When to go: Louisiana has more festivals than days of the year, so just about any time of year will guarantee a good time. There are festivals for tomatoes, oysters, jazz, voodoo, po-boys, the French Quarter, Tennessee Williams … the list goes on. To catch the famous Mardi Gras parades, which roll throughout the Carnival season, visit in February or early March. For tunes during Jazz Fest, visit in late April. To vibe at Voodoo Fest, visit Halloween weekend.

How to get there: Prices will vary depending on the time of year you choose to visit; flights during Carnival are more expensive than flights in the summer, for example. Fly Southwest or go to to look for reasonable fares.

What to do: Eat! Café du Monde is famous for its beignets and chicory coffee, but that’s just the start. “I find that you won’t have a bad meal anywhere you go,” says Sands. “In New Orleans, you’ll find every kind of food, from the expected Creole and Cajun to the unexpected with all kinds of nouveau foods. I recommend talking to someone who [lives] there.”

How much to spend: New Orleans has a range of activities to suit every budget; you can get a sno-ball (New Orleans’ answer to water ice) and spend the day wandering City Park for about a dollar. Or, visit Harrah’s in the French Quarter for a bit of gambling then hit the world-famous Commander’s Palace for dinner—this will definitely run more than a dollar.

Worth noting: In a town like New Orleans, where the rules seem lax and “go-cups” abound, it can be easy to lose track when it comes to consumption. Enjoy the festivities and have a few beverages, but keep your wits about you. Certain areas are prone to crime; ask your hotel front desk for tips before you venture out.

London: Stunning and Storied
London is the place to go for culture, history, nightlife and, of course, theater. The city, after all, is nearly 2,000 years old. You can even visit the queen (well, her residence). Additionally, London is bursting with a variety of global foods to suit any palate. “There’s a lot of excellent cuisine,” says Sands. “If you like New York, you’ll love London; a lot of theater you see on Broadway starts in London’s West End.”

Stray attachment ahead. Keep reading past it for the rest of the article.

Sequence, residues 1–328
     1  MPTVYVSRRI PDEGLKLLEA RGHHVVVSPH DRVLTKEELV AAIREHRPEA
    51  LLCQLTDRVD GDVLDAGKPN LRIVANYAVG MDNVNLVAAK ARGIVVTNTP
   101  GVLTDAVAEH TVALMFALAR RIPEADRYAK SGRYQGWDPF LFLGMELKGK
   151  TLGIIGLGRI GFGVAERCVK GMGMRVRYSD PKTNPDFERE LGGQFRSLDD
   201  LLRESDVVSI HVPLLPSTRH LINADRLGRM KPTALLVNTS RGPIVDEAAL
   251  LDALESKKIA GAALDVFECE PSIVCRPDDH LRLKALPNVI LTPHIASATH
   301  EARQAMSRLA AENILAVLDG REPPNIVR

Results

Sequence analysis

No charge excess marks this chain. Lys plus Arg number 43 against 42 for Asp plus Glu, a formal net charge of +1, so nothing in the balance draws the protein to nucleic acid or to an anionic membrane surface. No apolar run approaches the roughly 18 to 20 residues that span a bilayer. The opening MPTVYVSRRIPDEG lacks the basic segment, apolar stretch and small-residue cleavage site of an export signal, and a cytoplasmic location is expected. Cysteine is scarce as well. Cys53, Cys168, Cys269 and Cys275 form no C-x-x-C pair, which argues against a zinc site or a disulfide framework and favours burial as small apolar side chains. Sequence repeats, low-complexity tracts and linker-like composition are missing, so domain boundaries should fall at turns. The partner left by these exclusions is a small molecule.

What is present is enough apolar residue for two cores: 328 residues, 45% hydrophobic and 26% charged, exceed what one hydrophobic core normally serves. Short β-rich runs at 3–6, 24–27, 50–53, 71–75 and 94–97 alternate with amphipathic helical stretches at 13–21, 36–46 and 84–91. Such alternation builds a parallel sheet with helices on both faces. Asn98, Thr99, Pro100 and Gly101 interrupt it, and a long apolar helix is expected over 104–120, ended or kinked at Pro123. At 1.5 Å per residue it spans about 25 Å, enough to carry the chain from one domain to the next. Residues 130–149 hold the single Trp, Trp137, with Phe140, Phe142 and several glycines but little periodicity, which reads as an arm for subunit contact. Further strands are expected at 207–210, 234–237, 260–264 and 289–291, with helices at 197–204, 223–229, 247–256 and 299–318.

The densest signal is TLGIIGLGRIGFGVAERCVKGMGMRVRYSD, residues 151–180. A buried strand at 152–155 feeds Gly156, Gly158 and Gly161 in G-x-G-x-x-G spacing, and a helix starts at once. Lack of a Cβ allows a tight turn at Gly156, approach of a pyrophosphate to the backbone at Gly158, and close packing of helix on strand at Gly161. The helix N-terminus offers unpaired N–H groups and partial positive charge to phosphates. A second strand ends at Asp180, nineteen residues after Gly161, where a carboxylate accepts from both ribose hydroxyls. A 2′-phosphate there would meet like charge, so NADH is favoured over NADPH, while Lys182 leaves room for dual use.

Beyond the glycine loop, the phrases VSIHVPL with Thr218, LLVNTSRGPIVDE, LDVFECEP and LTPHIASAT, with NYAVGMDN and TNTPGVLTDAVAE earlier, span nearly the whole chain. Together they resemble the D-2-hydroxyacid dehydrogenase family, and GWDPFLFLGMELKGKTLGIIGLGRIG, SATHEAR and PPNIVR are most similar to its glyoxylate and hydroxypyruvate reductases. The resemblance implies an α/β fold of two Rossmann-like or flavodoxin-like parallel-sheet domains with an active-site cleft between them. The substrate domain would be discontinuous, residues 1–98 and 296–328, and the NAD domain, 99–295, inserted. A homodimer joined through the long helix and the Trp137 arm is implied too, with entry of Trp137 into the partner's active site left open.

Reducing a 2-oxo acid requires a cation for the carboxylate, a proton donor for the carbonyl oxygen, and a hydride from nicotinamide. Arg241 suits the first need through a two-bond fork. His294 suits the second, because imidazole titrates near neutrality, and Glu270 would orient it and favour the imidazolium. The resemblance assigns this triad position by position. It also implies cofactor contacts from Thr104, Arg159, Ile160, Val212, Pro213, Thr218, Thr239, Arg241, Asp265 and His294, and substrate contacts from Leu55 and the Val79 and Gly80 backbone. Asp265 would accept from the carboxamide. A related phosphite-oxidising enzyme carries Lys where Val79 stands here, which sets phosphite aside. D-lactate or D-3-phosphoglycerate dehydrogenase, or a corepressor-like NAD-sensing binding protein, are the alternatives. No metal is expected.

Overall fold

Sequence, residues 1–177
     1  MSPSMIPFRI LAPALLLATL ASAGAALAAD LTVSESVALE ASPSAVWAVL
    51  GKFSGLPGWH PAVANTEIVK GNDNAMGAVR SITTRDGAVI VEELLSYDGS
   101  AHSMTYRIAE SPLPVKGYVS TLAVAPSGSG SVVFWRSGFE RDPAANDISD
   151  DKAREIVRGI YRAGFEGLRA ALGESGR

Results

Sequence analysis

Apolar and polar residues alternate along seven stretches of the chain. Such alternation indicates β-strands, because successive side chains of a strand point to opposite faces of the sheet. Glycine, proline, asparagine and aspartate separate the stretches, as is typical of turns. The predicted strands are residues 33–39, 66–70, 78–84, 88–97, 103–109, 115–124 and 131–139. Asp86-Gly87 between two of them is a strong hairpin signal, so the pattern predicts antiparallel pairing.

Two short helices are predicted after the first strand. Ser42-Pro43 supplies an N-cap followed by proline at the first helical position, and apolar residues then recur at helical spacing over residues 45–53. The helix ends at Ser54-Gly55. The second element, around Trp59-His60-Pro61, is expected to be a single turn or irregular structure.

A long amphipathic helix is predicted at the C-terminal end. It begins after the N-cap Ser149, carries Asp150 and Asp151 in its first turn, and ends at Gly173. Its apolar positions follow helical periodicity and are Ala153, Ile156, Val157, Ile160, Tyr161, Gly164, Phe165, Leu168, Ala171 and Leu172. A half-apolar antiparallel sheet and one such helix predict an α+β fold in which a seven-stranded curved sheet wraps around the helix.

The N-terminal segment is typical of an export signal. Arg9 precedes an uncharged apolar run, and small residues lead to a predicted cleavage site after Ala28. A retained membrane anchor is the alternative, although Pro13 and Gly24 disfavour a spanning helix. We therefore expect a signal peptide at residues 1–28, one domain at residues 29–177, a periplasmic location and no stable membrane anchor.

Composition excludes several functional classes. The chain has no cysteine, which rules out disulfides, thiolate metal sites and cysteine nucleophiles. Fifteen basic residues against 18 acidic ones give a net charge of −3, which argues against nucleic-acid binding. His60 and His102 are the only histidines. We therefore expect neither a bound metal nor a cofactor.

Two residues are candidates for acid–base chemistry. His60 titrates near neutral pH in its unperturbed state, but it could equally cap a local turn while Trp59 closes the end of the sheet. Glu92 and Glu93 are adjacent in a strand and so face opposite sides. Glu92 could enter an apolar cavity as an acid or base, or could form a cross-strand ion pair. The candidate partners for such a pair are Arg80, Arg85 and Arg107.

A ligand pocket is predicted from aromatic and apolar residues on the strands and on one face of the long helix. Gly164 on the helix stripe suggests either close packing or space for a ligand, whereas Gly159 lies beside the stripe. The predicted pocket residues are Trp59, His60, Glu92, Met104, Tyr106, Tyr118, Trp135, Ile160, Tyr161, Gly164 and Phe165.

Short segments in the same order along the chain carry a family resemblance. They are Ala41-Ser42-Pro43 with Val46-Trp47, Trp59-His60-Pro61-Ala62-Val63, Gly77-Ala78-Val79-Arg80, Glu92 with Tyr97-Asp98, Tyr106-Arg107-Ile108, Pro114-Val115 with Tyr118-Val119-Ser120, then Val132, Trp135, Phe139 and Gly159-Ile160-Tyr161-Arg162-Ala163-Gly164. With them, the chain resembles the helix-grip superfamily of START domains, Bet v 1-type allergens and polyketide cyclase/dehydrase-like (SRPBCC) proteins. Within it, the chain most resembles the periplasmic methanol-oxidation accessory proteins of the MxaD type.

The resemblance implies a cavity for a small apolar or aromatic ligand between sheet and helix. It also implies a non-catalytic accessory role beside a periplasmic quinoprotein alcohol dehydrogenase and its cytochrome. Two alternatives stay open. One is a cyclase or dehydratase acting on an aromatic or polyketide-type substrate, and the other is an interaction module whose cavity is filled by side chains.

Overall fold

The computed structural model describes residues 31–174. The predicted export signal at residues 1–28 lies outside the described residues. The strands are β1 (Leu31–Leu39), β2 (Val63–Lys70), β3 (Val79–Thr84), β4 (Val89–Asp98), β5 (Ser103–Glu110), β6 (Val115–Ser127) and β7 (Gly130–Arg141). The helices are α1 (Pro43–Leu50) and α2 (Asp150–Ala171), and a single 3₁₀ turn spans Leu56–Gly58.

When to go: London is beautiful around the winter holidays, with many neighborhoods strung with twinkling lights and streets lined with abundant vendors. For London at its most beautiful, visit in the spring or summer to see the city’s many gardens—the Royal Botanic Gardens, Eltham Palace and the Buckingham Palace Garden Trail, among them—in all their lush green glory.

How to get there: The most affordable roundtrip flight will likely be in the range of $1,000 per person. While you’re “in the neighborhood,” why not also venture over to Ireland or Wales, up to Scotland or down to France?

How much to spend:  As London is a major world hub, hotel options abound, so research and find accommodations to suit your budget. When planning, be sure to consider questions such as, “Is this near a tube [underground] station?” or “Is this in a neighborhood near attractions I wish to see?”

What to do: Tour, tour, tour! Visit all the historical sites—Tower Bridge, the British Museum, the Tate Modern, the Victoria and Albert Museum, etc.—or take a stroll through Camden Market, visit the zoo in The Regent’s Park, and, if you have the means, shop. “What was most notable to me,” says Sands, “was Westminster Abbey—the history behind it. A lot of London is like that. These structures have stood for hundreds of years … and [the history] really comes to life when you’re actually there.”

Worth noting: According to the U.K.’s The Telegraph, London was the third most expensive city in the world in 2015, so don’t expect to do much “on the cheap” here. Cocktails at nightclubs, for example, can run upwards of 13 pounds (about $20) each.